'Those who do not move, do not notice their chains.’
Rosa Luxemburg was a revolutionary socialist of Polish Jewish descent, who played a key role in founding the Polish Social Democratic Party before becoming a German citizen and joining the Social Democratic Party (SPD) of Germany. As a political theoretician Luxemburg developed a humanitarian theory of Marxism, criticising capitalism and dictatorial tendencies of the Bolsheviks, and promoting pacifism and democracy.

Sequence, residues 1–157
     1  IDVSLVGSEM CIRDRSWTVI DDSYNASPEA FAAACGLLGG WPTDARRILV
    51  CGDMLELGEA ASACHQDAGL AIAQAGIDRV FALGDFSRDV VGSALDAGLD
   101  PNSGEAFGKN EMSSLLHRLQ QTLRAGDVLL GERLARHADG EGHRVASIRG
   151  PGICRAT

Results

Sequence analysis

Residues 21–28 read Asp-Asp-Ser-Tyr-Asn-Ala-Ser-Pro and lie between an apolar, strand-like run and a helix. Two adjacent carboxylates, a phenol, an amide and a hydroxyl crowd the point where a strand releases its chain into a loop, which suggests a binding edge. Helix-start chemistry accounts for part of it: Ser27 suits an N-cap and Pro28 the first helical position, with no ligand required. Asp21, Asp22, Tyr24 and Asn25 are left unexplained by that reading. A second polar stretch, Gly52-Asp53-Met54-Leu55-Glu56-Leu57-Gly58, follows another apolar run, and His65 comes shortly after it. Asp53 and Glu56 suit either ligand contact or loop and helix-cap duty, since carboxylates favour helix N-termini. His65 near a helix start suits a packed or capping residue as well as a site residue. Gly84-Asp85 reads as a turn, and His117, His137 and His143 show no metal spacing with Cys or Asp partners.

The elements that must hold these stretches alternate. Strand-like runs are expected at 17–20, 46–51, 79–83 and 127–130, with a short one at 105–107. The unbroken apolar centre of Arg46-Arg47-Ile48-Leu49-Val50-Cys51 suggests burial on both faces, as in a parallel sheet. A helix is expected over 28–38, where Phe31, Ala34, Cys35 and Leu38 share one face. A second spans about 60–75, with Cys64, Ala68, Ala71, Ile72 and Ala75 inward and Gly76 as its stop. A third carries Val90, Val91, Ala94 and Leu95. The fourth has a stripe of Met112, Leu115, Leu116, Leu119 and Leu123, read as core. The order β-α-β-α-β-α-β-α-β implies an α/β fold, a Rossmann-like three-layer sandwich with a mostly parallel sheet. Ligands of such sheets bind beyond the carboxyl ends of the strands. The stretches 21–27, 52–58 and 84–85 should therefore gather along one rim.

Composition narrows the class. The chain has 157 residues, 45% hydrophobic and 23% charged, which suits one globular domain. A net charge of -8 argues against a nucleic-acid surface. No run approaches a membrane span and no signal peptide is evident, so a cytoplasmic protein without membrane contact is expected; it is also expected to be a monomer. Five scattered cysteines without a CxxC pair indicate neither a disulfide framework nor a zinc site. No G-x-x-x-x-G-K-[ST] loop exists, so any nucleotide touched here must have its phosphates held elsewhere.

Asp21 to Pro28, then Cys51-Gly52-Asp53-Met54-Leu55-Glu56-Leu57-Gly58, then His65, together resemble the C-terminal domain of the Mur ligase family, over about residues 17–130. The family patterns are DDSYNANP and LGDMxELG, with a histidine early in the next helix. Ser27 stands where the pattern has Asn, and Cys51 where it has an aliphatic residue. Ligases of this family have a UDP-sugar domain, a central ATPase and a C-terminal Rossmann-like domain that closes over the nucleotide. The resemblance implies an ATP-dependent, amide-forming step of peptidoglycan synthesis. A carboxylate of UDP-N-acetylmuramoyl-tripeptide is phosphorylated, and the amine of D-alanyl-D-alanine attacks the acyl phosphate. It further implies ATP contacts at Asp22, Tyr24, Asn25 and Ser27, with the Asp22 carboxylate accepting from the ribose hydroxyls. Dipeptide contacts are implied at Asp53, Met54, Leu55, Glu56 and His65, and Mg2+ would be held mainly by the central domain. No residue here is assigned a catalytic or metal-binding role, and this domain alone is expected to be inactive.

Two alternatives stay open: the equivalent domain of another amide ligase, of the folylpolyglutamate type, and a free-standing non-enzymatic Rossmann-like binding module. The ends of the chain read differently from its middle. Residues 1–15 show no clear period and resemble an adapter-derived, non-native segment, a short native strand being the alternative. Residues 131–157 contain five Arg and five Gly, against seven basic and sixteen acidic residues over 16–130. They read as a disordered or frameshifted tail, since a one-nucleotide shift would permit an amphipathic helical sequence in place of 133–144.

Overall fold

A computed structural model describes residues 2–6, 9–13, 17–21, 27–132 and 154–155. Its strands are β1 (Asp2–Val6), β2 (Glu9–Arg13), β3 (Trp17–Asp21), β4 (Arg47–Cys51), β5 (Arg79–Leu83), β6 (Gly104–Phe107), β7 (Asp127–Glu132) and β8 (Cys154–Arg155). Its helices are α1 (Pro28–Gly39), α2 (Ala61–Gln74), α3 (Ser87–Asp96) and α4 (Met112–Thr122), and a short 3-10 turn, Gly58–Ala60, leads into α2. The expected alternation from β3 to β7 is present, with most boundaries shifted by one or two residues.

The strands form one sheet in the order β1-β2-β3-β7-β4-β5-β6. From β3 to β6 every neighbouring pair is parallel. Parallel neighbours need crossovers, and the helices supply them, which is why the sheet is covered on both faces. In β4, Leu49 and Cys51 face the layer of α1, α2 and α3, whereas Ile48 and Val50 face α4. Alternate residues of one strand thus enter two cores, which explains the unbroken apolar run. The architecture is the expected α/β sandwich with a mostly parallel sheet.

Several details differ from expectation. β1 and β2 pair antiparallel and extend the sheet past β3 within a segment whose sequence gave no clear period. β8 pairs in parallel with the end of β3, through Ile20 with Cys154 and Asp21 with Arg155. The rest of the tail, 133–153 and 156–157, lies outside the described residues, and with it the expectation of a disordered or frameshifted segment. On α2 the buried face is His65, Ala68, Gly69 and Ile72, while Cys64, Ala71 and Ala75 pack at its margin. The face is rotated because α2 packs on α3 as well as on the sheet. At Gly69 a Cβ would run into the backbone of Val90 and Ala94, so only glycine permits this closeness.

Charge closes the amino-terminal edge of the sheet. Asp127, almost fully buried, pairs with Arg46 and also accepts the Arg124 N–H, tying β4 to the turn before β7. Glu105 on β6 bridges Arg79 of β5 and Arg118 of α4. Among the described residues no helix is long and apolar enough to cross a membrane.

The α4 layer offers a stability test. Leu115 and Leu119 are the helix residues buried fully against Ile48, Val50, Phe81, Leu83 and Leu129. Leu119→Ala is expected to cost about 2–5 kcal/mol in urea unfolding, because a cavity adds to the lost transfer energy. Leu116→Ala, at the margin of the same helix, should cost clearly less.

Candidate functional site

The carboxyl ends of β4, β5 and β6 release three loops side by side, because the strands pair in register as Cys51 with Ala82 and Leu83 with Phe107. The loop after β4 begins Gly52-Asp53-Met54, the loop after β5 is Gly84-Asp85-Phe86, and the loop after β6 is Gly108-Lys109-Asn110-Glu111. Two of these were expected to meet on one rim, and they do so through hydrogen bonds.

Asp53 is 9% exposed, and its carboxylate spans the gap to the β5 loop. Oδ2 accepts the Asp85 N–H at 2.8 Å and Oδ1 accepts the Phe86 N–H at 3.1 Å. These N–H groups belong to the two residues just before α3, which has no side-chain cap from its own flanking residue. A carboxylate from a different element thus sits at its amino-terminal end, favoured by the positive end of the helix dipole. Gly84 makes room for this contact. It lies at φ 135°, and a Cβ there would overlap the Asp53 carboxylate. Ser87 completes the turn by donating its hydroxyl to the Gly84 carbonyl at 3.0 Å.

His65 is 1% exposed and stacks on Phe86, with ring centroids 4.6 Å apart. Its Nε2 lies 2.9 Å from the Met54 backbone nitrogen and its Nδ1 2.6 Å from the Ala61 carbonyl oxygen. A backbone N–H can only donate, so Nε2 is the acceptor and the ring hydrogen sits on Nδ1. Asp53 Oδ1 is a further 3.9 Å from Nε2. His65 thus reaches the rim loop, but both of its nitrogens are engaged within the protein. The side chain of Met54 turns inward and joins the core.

When World War One broke out in 1914, the SPD supported the conflict, but Luxemburg went into opposition, breaking away from the party with Karl Liebknecht and founding the Spartacus League, which eventually grew into the Communist Party of Germany. In the winter of 1918, Weimar Germany saw a wave of revolutionary activity, and Luxemburg was murdered, along with Liebknecht for her role in leading the Spartacus Revolt in 1919 by members of the right-wing Freikorps, a loose assemblage of conservative paramilitary groups. Although a century has passed since Luxemburg’s death, she is far from forgotten, her ideas and efforts remembered every year during an annual left-wing march in Berlin.